Monday, February 27, 2012

Formspring: How can a rationalist be an atheist?

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Scarlet letter of Atheism

I just received this little query on Formspring, and rather than waste a somewhat detailed answer there for two people to glance at, I figured I’d post it here, instead [original question edited for spelling/grammar/coherence]:

Here's my question, Joé: How can anyone who considers himself a rationalist be an atheist? Philosophically speaking, atheism is the weakest stance one can take in terms of pure logic. YOU CAN'T PROVE A NEGATIVE.

I don’t think you understand what rationalism is. It means the rejection of any beliefs that aren’t supported by credible (logical or empirical) evidence. Now, given that the existence of God(s) is typically implied to have some relevance to our natural world, it thus stands to reason that it can be subjected to critical analysis. And given that there is absolutely zero credible evidence to support the existence of God(s), the only rational conclusion is that God(s) just doesn’t exist (or else that if he does, his impact on the natural world is so minute that it isn’t even worth considering).

Also, I never claimed that negatives can be proven; quite the opposite, in fact. No atheist has proven, and nor can they truly know, that God(s) doesn’t exist. They simply don’t believe that he does. (And those who, like me, actively believe that God(s) doesn’t exist are more accurately labeled “anti-theists”, but that’s mostly just splitting hairs as all non-theists are basically in the same camp, anyway.) It comes down to the old distinction between agnosticism (which is about knowledge) and atheism (which is about belief); ergo, all reasonable atheists are also agnostics (despite the popular and ill-founded resentment towards that label).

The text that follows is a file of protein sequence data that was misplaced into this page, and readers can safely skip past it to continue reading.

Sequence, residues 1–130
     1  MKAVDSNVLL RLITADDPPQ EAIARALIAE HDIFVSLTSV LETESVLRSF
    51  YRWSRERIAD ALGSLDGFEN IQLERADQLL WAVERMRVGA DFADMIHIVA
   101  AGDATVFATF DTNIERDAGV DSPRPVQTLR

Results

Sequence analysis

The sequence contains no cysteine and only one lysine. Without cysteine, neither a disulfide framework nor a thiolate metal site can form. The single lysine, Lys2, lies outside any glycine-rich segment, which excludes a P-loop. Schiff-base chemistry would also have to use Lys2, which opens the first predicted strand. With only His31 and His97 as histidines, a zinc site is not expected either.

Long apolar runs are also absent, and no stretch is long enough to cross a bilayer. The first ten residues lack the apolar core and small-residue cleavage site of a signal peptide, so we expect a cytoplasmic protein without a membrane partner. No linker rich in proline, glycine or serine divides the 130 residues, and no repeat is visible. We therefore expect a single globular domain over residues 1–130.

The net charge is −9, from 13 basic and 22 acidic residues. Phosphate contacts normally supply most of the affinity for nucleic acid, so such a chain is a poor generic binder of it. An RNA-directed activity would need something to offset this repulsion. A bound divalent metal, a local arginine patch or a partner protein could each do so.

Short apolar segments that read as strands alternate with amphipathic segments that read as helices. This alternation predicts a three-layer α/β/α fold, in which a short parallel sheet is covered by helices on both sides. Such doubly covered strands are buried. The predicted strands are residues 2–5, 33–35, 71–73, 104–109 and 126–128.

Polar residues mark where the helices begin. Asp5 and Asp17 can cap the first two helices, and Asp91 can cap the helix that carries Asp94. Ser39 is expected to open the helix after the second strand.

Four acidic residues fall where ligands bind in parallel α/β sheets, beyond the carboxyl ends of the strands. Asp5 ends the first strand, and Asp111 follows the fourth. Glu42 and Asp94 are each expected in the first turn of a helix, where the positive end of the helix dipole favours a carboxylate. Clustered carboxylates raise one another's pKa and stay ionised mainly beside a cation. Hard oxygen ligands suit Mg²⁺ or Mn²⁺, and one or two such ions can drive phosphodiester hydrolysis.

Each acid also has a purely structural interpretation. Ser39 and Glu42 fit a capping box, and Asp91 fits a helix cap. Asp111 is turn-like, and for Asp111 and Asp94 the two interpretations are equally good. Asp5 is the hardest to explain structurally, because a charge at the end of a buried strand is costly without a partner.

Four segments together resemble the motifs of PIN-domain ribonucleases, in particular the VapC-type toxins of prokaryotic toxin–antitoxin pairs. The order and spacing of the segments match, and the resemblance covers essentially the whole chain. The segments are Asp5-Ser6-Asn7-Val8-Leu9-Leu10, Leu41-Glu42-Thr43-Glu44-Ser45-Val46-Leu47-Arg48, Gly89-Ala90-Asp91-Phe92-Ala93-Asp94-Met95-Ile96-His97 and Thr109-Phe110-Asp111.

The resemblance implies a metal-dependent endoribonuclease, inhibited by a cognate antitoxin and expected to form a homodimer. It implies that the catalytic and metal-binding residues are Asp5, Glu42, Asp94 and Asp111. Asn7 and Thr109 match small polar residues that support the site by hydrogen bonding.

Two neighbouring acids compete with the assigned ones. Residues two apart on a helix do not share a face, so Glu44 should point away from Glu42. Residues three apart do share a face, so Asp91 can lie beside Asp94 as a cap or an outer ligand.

In the end, atheism in and of itself really has little to do with philosophy. At it’s basics, it’s limited to asking whether there’s any good reason to believe in God(s), and if not, then why do so. Anything more is really just details, and philosophical battles on the matter are mostly triggered by anti-atheist critics who just can’t seem to understand that people can live just fine without believing in any one or more deity(s).

(Related: See my posts on non-theist labels and common anti-atheist myths.)